In Ireland the word fairy is used for all creatures inhabiting worlds other than our own. Fairies live all over the world. In Ireland they’re often called leprechauns. In Scotland, brownies. Fairies aren’t part of any religion — they are natural beings with graceful movements.
There are two types of fairies — the trooping fairies and the solitary fairies. Trooping fairies are the folks we see pictured in jolly groups, often around hawthorn trees, partying with their pals. Solitary fairies are not wild about large gatherings and they’d just as soon be alone.
Trooping fairies are the main residents of fairyland. Interestingly enough, the solitary ones have a lot more interest in mortal affairs. This means they’re usually more familiar to us.
Example? Think of Harvey, the pookah, in the movie of the same title. Quite interested in mortal affairs, he wasn’t hanging about hawthorn trees laughing it up with his fellow pookahs. He was at the corner bar with Jimmy Stewart talking philosophy and miracles.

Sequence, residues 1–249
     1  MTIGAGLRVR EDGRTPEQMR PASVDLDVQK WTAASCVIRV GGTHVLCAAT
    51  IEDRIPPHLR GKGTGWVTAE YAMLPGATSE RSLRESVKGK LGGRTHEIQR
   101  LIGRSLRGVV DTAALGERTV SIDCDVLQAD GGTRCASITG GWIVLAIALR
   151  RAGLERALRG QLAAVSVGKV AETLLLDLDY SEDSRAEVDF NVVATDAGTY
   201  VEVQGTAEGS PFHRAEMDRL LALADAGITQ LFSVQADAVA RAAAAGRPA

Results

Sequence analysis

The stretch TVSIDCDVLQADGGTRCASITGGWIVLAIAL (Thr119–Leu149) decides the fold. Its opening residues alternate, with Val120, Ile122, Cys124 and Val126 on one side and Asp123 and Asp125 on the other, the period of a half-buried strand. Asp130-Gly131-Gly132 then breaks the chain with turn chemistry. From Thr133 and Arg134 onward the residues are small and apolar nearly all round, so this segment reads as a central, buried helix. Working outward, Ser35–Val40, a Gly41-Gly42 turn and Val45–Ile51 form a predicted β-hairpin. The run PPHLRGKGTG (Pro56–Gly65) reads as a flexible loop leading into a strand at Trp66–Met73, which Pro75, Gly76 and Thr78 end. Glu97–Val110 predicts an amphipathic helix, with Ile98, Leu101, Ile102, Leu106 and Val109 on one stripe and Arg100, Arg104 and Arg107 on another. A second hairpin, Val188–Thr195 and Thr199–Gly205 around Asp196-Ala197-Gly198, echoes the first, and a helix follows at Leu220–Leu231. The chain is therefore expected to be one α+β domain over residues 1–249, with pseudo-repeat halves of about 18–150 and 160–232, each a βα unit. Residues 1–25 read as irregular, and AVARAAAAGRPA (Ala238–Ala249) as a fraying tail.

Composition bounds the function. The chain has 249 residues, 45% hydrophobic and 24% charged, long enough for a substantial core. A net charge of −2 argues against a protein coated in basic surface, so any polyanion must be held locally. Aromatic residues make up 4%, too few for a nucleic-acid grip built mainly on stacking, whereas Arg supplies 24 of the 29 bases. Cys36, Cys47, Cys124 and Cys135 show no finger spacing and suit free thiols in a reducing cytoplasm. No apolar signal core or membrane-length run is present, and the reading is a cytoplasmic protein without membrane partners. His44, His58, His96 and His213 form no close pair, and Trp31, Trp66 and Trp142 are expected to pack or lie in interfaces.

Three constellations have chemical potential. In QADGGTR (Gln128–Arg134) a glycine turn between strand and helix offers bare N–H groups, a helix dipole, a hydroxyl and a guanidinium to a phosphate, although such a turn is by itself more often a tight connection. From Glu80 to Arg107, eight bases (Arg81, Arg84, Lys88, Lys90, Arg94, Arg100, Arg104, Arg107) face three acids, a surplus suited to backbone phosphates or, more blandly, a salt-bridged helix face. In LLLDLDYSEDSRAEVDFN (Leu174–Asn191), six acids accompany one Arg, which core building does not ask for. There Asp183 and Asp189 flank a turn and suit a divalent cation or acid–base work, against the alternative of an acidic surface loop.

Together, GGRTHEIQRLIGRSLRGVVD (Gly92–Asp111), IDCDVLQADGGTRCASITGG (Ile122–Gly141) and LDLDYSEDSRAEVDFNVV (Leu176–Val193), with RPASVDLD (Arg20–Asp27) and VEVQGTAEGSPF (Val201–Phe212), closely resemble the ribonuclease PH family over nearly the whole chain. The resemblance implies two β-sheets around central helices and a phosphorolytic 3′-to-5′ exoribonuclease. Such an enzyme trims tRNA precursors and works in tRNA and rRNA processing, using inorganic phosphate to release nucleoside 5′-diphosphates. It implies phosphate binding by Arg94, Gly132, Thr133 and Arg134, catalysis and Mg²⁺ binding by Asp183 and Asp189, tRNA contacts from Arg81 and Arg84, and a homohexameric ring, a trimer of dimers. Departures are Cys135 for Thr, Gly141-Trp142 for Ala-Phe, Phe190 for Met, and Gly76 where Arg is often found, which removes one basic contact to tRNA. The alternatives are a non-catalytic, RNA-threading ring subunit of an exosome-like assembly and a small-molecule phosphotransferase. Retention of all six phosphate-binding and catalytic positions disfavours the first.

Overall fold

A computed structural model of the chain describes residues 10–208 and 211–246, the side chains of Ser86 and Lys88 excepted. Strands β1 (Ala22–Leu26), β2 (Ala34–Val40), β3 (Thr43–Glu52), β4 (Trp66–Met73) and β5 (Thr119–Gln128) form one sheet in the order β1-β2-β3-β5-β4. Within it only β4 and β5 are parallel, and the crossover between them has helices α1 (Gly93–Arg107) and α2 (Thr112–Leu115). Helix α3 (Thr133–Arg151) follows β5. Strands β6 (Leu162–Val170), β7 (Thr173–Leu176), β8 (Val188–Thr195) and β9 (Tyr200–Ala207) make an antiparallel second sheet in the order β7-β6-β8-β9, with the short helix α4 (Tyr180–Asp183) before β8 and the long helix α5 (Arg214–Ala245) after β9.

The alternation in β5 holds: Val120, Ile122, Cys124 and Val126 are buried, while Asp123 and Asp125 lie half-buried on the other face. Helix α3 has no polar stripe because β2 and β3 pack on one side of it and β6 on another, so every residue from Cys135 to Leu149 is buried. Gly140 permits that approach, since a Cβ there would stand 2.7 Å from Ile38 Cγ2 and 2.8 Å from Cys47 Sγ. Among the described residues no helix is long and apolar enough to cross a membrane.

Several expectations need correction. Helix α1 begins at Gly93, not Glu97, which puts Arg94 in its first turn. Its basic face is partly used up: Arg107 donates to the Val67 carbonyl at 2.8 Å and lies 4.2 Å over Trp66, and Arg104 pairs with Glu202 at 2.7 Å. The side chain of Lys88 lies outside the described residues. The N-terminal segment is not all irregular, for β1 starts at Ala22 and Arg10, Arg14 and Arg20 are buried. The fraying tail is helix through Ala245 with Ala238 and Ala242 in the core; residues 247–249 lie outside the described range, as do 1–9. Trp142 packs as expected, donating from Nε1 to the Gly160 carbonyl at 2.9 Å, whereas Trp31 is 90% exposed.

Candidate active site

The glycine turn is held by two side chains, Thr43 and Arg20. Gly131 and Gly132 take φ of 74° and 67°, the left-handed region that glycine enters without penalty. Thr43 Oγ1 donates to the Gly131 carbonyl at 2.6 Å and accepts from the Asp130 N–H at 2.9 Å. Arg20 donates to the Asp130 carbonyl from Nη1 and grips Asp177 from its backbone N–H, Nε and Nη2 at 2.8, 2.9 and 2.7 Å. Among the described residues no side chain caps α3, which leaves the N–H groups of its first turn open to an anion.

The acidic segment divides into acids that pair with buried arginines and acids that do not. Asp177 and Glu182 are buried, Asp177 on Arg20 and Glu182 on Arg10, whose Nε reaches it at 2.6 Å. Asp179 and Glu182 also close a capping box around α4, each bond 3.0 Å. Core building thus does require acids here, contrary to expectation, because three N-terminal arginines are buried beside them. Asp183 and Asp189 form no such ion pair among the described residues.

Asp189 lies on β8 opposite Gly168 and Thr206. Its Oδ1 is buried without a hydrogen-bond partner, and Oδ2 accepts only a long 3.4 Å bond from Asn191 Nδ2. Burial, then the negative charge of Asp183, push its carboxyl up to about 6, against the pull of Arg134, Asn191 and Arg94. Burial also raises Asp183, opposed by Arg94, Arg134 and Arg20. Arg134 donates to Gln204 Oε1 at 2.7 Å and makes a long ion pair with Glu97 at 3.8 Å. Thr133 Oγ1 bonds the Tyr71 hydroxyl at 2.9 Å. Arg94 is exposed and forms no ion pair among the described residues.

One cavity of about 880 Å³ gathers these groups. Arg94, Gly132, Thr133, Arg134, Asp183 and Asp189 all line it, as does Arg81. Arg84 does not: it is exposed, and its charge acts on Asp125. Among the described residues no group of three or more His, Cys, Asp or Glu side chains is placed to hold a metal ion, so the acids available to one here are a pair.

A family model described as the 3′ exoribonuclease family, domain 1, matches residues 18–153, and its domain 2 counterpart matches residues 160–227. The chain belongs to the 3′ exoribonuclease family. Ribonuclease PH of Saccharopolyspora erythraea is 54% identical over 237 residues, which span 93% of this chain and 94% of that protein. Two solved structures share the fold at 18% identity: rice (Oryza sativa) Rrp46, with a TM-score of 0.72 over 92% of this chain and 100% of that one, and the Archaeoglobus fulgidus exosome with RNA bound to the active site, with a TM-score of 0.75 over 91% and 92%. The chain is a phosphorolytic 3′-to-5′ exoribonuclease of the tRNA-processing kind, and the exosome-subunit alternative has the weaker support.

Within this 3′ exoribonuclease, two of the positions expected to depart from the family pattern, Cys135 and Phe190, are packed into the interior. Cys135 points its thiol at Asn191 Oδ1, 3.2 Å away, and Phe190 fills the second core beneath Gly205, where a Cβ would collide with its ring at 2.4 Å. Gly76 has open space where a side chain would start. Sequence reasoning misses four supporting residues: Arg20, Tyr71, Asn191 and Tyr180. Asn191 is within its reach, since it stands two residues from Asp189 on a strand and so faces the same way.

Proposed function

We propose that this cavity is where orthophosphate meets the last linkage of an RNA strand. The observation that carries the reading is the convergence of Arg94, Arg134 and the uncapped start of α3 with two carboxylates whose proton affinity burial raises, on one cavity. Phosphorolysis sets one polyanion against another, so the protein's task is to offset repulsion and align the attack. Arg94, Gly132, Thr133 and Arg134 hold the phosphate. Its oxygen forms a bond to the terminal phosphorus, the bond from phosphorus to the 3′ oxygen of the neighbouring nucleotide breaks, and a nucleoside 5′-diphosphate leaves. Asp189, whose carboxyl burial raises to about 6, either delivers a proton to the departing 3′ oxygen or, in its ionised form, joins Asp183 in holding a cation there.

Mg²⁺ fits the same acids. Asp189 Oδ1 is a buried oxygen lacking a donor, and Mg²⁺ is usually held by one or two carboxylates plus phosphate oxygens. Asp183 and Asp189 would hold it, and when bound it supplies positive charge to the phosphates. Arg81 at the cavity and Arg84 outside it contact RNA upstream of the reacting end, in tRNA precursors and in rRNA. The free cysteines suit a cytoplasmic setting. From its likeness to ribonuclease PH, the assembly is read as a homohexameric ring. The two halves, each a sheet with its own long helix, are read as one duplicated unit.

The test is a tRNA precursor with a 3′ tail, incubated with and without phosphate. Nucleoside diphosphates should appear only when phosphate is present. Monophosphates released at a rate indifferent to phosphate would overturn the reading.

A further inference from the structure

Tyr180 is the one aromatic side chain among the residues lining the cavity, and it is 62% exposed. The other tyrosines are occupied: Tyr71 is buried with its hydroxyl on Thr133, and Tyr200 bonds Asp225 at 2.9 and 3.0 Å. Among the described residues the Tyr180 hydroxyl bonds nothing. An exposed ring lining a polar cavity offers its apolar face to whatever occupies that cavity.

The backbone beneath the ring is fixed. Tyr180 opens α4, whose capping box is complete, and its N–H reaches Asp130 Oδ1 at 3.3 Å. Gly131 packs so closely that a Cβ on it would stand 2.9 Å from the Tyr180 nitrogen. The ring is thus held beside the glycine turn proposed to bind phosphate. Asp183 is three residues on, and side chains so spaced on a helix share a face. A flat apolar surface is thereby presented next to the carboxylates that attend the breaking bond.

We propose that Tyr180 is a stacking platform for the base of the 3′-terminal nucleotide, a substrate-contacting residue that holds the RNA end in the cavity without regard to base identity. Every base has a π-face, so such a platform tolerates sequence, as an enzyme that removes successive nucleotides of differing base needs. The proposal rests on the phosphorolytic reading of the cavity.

Many people believe that fairyland exists now. That it has always existed along the borders of mortal people. And, that there has been quite a bit of exchange between the two realms, with fairies and humans even falling in love with each other. Unfortunately, the bridges between the fairy world and our own have decreased over time. It’s harder for mortals to see fairies, unless a person is quite young or very old.
Here is the good news: Fairies still exist, enjoying their immortality and robust, good health. And, they still show themselves to people who believe in transparent worlds, who are passionate, and who have an uncomplicated soul. That all sounds quite good to us. Sort of Zen and the Art of Seeing Fairies! An authentic Ireland visit would include that tales of fairies. Who knows what you might discover!
Visit featured featured writers, Meredith and Win Blevins, at www.blevinswordworx.com